Welcome to process mining. This guide gives a brief tour and explains the features of More Cowbell Unlimited’s cloud process mining software solution.
Process mining is a powerful emerging AI/ML technique with expansive use cases throughout the corporate & government world.
The first and most obvious use case is greatly speeding the discovery and accuracy of process models. But that is just the tip of the iceberg.
In a very general sense, it reduces the costs associated with managing and operating modern organizations, and it helps organizations make effective use of finite resources by understanding their processes in a quantifiable, data driven, repeatable, scalable, and sliceable fashion. Process mining, aka “Automated Process Discovery,” is platform agnostic. It analyzes IT system log data or “data exhaust” and surfaces latent processes within the data. Compared to traditional interview-based process mapping methodologies, process mining learns processes in a fraction of the time. This allows organizations to quickly understand their processes, shorten process times, target improvements without guesswork, re-measure the outcome, simulate change assumptions, and adopt additional bleeding edge technologies like robotic process automation (RPA). Continuous data-driven process improvement. Very powerful. The use cases are tremendous — from quickly understanding and fixing discrete processes to continual compliance/audit monitoring to enterprise digital transformation (DX) efforts to improving the lethality of joint warfighting systems — any organization that relies upon information technology systems to operate would benefit from this technique.
Process mining uses AI/ML to extract existing data from IT systems and visually reconstructs how processes actually perform. It creates full transparency and enables you to drive efficiency, quality and productivity across your entire organization.
It works for any industry, any organization, any system, any process.
On the home screen, you will see a login box. Place your login credentials here or contact us to request an account.
You may import data as Comma Separated Values (CSV) or IEEE XES format. XES, or eXtensible Event Stream, format defines a grammar for a tag-based language whose aim is to provide designers of information systems with a unified and extensible methodology for capturing systems behaviors by means of event logs and event streams.
You may upload your own data or use any of our test data in our example data repository. The repository also contains a CSV template for you to create an analyzable log file from your own data. If you upload your own data in CSV format, please be sure the file is sorted by CASE ID and then TIMESTAMP.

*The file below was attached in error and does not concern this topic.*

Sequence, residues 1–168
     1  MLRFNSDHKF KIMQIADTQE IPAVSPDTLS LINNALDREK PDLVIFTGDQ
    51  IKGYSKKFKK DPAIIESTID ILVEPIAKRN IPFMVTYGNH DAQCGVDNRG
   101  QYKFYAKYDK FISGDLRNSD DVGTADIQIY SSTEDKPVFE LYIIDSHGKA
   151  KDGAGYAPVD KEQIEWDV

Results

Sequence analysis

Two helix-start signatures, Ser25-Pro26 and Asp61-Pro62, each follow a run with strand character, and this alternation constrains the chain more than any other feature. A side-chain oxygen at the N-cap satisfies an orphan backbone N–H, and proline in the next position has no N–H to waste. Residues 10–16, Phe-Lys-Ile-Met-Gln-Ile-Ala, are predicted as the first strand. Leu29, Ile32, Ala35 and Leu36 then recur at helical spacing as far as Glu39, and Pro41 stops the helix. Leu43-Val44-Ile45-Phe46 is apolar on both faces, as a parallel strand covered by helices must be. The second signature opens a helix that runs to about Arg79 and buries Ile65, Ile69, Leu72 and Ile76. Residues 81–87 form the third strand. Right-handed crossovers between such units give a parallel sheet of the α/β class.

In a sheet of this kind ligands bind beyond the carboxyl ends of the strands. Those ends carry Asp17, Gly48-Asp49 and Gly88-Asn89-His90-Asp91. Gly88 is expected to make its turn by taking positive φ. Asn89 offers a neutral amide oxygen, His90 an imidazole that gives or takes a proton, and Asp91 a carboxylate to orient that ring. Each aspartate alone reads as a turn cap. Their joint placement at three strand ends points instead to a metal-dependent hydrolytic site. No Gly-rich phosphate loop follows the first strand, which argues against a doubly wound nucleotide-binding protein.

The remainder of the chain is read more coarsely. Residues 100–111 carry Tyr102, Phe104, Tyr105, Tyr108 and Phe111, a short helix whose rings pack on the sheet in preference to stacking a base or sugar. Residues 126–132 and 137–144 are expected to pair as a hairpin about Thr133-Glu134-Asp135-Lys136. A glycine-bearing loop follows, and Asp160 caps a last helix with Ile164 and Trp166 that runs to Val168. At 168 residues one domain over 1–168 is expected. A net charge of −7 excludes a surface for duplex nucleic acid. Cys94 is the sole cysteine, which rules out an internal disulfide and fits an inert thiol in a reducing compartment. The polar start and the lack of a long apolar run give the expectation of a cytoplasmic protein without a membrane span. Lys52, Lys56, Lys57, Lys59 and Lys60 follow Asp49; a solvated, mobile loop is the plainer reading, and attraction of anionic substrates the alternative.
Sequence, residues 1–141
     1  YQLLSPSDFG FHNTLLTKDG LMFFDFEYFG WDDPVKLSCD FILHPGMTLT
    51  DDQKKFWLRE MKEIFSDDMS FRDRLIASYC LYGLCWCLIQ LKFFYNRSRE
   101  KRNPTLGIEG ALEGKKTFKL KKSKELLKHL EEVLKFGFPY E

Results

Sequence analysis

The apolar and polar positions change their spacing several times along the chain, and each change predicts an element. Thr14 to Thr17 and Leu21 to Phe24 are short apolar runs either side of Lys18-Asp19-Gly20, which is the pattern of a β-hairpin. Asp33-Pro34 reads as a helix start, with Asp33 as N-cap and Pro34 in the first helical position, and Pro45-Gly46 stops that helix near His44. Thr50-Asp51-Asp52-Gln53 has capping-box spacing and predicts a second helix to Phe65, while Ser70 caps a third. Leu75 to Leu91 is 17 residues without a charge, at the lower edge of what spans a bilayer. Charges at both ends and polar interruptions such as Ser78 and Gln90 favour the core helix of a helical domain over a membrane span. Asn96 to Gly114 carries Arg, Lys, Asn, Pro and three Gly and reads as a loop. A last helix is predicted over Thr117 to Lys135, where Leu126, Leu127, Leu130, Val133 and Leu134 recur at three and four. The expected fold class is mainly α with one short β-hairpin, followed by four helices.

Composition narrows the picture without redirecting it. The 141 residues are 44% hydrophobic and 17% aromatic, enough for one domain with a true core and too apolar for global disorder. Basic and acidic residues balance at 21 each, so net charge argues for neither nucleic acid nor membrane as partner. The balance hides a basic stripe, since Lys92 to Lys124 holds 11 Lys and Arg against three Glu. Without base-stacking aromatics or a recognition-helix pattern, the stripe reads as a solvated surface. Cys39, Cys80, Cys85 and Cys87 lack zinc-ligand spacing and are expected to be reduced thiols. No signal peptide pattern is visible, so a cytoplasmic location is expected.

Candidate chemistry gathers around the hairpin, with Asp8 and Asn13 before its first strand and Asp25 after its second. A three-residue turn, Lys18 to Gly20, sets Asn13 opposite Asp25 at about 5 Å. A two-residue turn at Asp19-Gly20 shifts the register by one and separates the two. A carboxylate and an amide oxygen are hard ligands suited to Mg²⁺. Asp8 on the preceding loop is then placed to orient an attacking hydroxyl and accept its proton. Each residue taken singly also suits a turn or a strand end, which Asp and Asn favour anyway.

Upload Limits: Free software accounts are limited to uploads which are less than 100MB. Contact us for larger requirements.
Multiple Uploads: You may upload and process several files simultaneously. To do so, open multiple Import screen tabs within the same web browser instance, and then upload one file into each tab.
Please Note: You must be logged into the cloud solution in order to access and download the example log files.
Depending upon the size and the complexity of the example log data you use, it may take several minutes for your results to appear. Please be patient.
If you would like to use your own data, then you may do so. There is a CSV Template. It is important, however, that your data are formatted properly. You must have three data elements, structured as follows:
First Column: Case ID: This Case Identifier is the unique number assigned to each case in your log. It could be a job applicant ID, or a repair order ID, geopolygon ID, etc.
Second Column: Start Time: Date time format, for example 3/22/2018 14:59.
Third Column: Activity: These are all of the activities associated with your process. In a call center environment, some of these activities might include: Call Inbound or Outbound, Email Inbound or Outbound, Handle Case, Handle Email, etc.
In this space, previously uploaded files and corresponding results are listed in their own directories. Analyses are performed automatically after a file is uploaded.
After your process mining analysis is complete, you will have the file outputs and GUI dashboard outputs available in the corresponding project directory or folder. First, we will review the file outputs.
CSV: If you uploaded a CSV event log file, this file is included in the output, along with a sorted version of this file.